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From TAC's Bookshelf: The Road to Triumph

Looking back at a year of reading with the staff of The American Conservative.

Saint Mark The Evangelist
Saint Mark the Evangelist, ca 1624-1625. Found in the collection of Musée de l'Histoire de France, Château de Versailles. Fine Art Images/Heritage Images/Getty Images)

As we celebrate Christmas and look forward to a new year, in an homage to an old “TAC Bookshelf” series, we hope you’ll enjoy a glimpse this week of some of what we at The American Conservative were reading in 2022.

You can't really do this job well if you don't read. Reading expands your universe of references and analogies. It sharpens your thinking, exposes you to different styles and approaches to writing, and expands your areas of knowledge. It keeps a journalist from writing the same four or five columns over and over again.


Of the books I read this year, three stood out to me.

The first is The Road by Cormac McCarthy. I’m embarrassed to say it took me twenty-five years to read my first McCarthy novel, but this year I finally read one and I’m glad that I did. The Road follows a father and son, “each the other’s world entire,” trekking together through a post-apocalyptic hellscape, scavenging for food and shelter. Unlike other survivors, the father and son resolve never to partake in cannibalism, no matter how dire their food shortage.

The novel is a moving testament to a father's love for his son and a portrait of a love purified in the fire of mutual suffering. McCarthy contrasts the boy’s moral convictions with his father’s world-weary wisdom, and presents the tragedy of a boy robbed of his boyhood. But even as he hears of cannibals and cataclysm, the boy retains a pure heart. The scene that stuck with me was the boy’s prayer of thanksgiving upon finding food in a dead man’s bunker:

“Dear people, thank you for all this food and stuff. We know that you saved it for yourself and if you were here we wouldn’t eat it no matter how hungry we were and we’re sorry that you didn’t get to eat it and we hope that you’re safe in heaven with God.”

The book was an affirmation of Christ’s injunction that “unless you be converted, and become as little children, you shall not enter into the kingdom of heaven.”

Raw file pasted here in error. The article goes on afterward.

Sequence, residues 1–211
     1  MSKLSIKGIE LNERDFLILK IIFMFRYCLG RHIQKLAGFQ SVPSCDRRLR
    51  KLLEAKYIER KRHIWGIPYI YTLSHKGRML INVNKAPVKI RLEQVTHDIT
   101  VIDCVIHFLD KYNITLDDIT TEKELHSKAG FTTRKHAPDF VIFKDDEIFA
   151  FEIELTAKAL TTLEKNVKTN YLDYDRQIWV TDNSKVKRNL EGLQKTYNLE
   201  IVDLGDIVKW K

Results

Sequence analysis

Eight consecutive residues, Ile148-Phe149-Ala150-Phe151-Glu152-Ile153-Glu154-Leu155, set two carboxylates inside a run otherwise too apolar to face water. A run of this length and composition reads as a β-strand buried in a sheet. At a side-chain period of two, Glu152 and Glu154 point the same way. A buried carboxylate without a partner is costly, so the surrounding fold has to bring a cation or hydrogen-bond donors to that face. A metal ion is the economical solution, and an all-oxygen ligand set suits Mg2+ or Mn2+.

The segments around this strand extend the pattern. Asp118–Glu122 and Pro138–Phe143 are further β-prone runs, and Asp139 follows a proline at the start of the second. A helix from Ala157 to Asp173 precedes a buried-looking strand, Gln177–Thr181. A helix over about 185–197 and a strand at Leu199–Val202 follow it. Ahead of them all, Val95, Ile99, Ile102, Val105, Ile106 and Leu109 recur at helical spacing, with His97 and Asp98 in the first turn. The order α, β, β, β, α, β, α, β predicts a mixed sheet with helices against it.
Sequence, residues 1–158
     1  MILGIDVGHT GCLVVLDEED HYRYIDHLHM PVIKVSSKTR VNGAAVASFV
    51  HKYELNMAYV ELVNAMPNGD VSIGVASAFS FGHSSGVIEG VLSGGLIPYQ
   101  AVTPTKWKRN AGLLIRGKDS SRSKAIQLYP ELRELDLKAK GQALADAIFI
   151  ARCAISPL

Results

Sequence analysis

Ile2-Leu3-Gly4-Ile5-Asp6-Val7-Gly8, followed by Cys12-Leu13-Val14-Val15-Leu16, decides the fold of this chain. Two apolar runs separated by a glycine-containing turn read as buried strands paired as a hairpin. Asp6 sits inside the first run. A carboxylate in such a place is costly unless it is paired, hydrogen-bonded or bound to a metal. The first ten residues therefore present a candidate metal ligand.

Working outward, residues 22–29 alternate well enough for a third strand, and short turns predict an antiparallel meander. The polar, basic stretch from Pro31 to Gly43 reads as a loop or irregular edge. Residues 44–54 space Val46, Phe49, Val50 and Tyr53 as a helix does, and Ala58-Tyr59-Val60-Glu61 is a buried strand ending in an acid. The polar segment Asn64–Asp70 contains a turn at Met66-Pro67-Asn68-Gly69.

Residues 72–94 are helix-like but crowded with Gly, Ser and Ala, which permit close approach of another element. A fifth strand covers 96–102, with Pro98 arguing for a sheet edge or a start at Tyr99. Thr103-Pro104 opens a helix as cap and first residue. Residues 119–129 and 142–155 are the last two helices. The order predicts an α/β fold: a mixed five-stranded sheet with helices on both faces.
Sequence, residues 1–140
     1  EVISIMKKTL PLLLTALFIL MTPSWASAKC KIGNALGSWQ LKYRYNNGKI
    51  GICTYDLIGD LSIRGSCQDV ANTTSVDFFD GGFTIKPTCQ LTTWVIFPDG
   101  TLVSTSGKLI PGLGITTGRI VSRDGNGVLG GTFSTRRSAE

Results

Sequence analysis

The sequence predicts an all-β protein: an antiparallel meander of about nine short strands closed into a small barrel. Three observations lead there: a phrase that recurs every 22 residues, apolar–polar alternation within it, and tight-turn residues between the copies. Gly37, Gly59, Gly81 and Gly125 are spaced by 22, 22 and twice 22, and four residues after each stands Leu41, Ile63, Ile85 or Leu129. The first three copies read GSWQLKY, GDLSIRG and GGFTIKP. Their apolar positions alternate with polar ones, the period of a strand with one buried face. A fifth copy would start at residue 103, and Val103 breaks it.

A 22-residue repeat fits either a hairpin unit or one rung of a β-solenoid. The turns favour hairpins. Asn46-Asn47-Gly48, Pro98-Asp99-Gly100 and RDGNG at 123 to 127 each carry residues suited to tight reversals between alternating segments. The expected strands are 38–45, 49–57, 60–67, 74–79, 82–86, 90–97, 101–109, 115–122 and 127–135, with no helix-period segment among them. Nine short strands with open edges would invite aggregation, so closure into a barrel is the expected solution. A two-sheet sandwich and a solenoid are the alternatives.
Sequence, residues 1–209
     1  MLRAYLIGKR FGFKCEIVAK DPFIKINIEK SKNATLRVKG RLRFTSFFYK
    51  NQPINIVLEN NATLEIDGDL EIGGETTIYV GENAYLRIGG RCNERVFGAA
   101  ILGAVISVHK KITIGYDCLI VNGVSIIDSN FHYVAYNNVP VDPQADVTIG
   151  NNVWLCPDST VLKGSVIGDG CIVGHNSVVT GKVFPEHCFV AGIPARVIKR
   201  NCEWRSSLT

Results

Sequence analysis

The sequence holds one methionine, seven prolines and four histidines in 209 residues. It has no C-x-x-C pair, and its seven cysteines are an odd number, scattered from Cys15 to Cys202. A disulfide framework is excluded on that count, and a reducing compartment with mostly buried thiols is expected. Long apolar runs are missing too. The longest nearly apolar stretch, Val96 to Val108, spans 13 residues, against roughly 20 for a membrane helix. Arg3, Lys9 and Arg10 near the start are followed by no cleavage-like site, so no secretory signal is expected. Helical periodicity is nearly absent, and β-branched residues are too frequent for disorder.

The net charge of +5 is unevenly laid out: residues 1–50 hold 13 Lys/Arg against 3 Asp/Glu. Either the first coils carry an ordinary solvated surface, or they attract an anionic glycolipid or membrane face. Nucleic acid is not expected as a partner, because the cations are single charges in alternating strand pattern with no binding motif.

On that theme, the second book that moved me this year was the second edition of Richard Bauckham’s Jesus and the Eyewitnesses: The Gospels as Eyewitness Testimony. Bauckham challenges the view of many New Testament scholars that the Gospels were originally anonymous and have no connection to the evangelists to whom they are ascribed. In Jesus and the Eyewitnesses, Bauckham presents convincing literary and historical evidence that the Gospel texts are based on eyewitness accounts, and that their structure plausibly suggests connections between Saints Matthew, Mark, Luke, and John and the gospels bearing their names.

Bauckham’s chapter on St. Mark’s Gospel was particularly strong, and reinforced my faith in the Church’s traditional teaching on apostolic authorship. He demonstrates the link between St. Mark’s Gospel and St. Peter, whom the Acts of the Apostles reveals to have been an associate of St. Mark. Bauckham highlights the portions of Mark's gospel that use “inclusio,” a literary device that bookends an episode with references to the same character. In Mark's gospel, St. Peter serves as the bookending figure in several of the gospel's most prominent stories. Bauckham argues the gospel writer’s use of inclusio, and the verb tenses deployed in the original Greek manuscript, are evidence of the Markan stories being first-person accounts recorded by a scribe, potentially St. Mark himself.

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Last, I enjoyed The Best of Triumph this year. The book is a collection of essays from the short-lived Catholic magazine founded by National Review exile Brent Bozell. Triumph ran for only a decade between 1966 and 1976, but it was the premier journal of political Catholicism in the United States. The essays it published pierced the traditional left-right divide in American politics and offered a substantially Catholic alternative.

My favorite essay in the anthology was Dr. William Marshner’s “A Mass at the Valley of the Fallen,” recounting the author’s trip to a funeral Mass in Francoist Spain. Marshner, a former theology professor at Christendom College and, in my view, the most underrated living American Catholic intellectual, reflected on the contrast between the convictions of his homeland and those of mid-century Spain.

I wondered when again men would have the opportunity to fight for a government that would remember their sacrifice in this way. I thought of the bare ecumenical chapel, no doubt located just off public property, in which Mass might be said for my soul, if I should die in my country’s next war. I wondered how a public authority comes to be in such a state that it would memorialize me because I died and because I wore its uniform but not because of any of the things that matter in Eternity, where I would be by then, wondering, perhaps, if God’s adoring angels had ever heard of the First Amendment.

I assume, for whatever it's worth, that God's adoring angels don't have much time for the establishment clause.


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